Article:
Similarly, the Smag (lo sa’ase 197; ase 104), Ramban (Hasagos L’sefer Hamitzvos, shoresh alef), and Chinuch (536; 537) all count the mitzva of burial as two separate mitzvos, both positive and negative.
The Radvaz (Avel, chapter 4:8), though, writes that the Rambam’s listing of the negative mitzva of burial refers to the rabbinic mitzva, because the Torah obligation only refers to burial of a convict hanged in Beis Din. However, in his responsa it seems that he too, agreed that the negative and positive mitzvos are both Torah-originated.
Contemporary halachic authorities all see the mitzva of burial in the ground as a Torah obligation.
The Ramban (Devarim 21:22) mentions an additional isur in leaving the deceased unburied in Eretz Yisroel: “…and you shall not defile your land, which the Lord, your G-d, is giving you as an inheritance.” In his opinion, leaving the deceased without burial in Eretz Yisroel comprises three transgressions — two negative commandments, and one positive one. This obligation includes non-Jewish corpses. This is also the opinion of the Radak (Yehoshua 10:27), Rabbenu Yosef Bechor Shor (Devarim 21:23), Abarbanel (Yehoshua 8:29) and Maharsha (Sanhedrin 46b).
The Zohar (Teruma 141a) provides a deeper explanation for this: during the night, the forces of tuma reign supreme. In Eretz Yisroel, however, they cannot rest due to its holiness, yet if it finds an unburied corpse, it has where to rest. This explanation also appears in the Iben Ezra (Devarim 21:23). The Netziv (Ha’amek Davar, ibid) maintains that explanation of the mitzva of burial outside of Eretz Yisroel pertains only a Jewish corpus, while inside Eretz Yisroel there is an additional isur of leaving any human, even a non-Jew, unburied.
Other commentaries do not count burial of Eretz Yisroel’s deceased as a separate mitzva. Rather, they view this pasuk as an additional explanation. The Shulchan Aruch, likewise does not differentiate between Eretz Yisroel and the rest of the world.
The Akeidas Yitzchak (Bereshis, sha’ar 22) and Abarbanel (Bereshis 23) clarify that the tuma’a here refers not to spiritual impurity but to physical contamination. An unburied corpse will rot and cause pollution and disease. This explanation pertains to burial in the whole world, and is not specific for Eretz Yisroel.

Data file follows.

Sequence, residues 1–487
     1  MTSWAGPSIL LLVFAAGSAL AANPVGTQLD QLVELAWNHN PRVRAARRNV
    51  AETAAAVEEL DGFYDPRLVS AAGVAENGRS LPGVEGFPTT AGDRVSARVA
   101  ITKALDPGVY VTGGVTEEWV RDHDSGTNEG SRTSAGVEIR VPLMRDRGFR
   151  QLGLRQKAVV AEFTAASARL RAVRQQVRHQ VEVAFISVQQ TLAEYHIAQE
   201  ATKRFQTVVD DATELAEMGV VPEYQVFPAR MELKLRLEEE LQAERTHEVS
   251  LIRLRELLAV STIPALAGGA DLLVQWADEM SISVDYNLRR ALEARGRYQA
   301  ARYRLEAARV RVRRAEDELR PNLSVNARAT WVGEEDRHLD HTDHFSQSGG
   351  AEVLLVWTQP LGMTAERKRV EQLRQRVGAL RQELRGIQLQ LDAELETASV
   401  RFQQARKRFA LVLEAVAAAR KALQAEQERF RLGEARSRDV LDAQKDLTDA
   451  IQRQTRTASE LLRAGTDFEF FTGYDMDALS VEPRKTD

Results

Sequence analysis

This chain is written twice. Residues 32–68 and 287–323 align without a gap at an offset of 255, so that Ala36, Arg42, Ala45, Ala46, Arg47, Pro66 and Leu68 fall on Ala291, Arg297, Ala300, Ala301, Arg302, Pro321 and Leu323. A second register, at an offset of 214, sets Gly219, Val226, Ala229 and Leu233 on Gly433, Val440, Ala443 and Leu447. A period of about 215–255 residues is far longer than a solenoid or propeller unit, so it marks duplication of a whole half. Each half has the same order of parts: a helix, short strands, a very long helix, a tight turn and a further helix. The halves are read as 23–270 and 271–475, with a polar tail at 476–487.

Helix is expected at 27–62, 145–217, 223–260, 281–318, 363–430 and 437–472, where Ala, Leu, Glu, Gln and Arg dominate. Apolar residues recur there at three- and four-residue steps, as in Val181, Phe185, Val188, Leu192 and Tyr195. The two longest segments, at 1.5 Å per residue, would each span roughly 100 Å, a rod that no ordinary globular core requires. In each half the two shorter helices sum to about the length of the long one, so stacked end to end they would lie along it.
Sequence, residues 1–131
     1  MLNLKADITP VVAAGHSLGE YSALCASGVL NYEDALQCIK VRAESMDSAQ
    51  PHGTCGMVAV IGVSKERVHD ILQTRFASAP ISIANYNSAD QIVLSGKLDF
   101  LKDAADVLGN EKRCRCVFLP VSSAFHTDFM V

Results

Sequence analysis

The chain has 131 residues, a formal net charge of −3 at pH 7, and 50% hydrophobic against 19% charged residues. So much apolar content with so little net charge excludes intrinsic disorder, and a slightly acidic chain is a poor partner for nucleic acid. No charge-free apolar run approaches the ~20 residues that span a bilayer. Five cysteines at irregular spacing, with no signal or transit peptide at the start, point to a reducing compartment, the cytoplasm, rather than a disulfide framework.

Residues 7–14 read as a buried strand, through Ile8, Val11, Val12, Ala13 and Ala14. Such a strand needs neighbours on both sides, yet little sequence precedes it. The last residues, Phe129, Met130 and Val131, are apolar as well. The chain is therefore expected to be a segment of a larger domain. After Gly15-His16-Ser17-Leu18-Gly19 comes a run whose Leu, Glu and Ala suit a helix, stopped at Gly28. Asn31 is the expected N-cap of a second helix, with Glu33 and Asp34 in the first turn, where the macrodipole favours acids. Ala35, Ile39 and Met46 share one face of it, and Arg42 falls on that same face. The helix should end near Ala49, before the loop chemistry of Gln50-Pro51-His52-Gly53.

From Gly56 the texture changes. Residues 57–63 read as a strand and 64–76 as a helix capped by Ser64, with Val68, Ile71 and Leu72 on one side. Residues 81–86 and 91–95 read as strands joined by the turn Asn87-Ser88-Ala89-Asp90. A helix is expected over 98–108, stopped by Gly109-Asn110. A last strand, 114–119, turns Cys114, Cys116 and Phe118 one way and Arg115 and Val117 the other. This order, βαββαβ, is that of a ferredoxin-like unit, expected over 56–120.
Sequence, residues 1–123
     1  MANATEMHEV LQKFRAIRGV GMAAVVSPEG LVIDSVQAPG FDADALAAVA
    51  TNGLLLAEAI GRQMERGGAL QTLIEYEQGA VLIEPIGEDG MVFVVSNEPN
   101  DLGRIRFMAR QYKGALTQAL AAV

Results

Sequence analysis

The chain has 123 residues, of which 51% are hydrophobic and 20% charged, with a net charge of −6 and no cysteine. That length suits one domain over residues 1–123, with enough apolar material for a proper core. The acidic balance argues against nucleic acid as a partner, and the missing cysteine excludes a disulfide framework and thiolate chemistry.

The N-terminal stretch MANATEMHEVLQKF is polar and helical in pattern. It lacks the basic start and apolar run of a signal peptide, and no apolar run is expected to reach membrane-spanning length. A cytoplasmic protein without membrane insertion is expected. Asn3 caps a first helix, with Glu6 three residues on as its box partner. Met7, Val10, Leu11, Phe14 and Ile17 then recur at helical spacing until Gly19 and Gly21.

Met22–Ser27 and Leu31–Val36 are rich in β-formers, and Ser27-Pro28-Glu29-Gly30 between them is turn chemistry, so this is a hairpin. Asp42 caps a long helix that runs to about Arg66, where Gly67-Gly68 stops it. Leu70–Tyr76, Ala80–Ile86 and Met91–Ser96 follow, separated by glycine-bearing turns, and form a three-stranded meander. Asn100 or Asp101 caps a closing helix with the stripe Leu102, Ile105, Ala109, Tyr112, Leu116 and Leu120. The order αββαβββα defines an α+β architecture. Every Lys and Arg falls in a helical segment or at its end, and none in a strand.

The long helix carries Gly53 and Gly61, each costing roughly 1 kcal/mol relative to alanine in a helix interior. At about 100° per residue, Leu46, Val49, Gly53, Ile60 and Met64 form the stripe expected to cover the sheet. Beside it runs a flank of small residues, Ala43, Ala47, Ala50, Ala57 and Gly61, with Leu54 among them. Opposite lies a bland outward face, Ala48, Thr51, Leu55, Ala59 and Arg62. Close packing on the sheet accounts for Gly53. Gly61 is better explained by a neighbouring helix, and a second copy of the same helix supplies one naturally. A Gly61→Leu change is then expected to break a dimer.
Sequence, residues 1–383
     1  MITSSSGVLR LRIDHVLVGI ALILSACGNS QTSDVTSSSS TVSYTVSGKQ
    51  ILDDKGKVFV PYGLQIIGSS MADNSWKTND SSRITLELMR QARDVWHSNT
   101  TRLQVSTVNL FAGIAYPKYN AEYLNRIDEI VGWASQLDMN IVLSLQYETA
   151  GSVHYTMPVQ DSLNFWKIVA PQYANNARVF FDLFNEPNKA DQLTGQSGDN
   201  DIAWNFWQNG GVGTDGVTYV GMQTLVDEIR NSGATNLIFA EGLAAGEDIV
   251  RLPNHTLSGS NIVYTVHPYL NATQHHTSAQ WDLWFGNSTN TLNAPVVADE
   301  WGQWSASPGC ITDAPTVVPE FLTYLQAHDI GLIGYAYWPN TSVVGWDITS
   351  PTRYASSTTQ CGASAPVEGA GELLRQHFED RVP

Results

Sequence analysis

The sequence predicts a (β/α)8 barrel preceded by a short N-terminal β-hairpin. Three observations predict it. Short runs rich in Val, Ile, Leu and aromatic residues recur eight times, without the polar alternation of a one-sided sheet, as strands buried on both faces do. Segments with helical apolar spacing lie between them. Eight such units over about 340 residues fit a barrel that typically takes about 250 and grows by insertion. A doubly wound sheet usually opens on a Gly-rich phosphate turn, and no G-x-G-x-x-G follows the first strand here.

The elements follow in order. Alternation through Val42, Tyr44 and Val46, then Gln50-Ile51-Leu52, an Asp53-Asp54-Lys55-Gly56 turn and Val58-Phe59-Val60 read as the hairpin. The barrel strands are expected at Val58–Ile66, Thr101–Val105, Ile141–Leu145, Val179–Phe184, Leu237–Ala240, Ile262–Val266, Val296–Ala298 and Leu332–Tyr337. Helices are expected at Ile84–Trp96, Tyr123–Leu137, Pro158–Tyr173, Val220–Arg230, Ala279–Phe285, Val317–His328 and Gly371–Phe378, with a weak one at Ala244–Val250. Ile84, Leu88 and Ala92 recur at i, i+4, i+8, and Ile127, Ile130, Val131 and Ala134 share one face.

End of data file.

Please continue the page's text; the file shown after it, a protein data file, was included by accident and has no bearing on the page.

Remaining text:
The Gemara recounts an additional burial restriction in Yerushalayim (Bava Kama 82b): “One may not leave a corpse overnight in Jerusalem”. The Shita Mekubetzes and Yam Shel Shlomo explain that leaving the deceased overnight for his honor, although permitted in the rest of the world, is forbidden in Yerushalayim. The Gemara quotes the source for this in the Gemara. Rashi (ibid) explains that this restriction is an oral tradition, without explanation. The Kaftor V’Perach (chapter 6) and Pe’at Hashulchan (3:23) recount this tradition is maintained even nowadays. The Radvaz (volume II, 633) reasons that this is because it is forbidden to amplify tuma in Yerushalayim.
Gesher Hachayim (volume I, chapter 7:3) notes that his isur of halanas hameis applies only in the holy parts of the city, not in its entirety. The borders of the holy parts of the city don’t necessarily coincide with the wall of the Old City as it appears today. The Gesher Hachayim adds that the late chief rabbi of Yerushalayim, Rabbi Shmuel of Salant was always careful to arrange burial of the deceased immediately, even if the passing took place in the middle of the night. He recalls only one occasion in which a meis was left to wait for his funeral – when the Maharil Diskin was niftar shortly after ma’ariv. Rabbi Shmuel ruled that the funeral should take place only the next morning due to the risk of trampling people, if crowds would squeeze their way through the narrow alleyways of the Old City during the dark.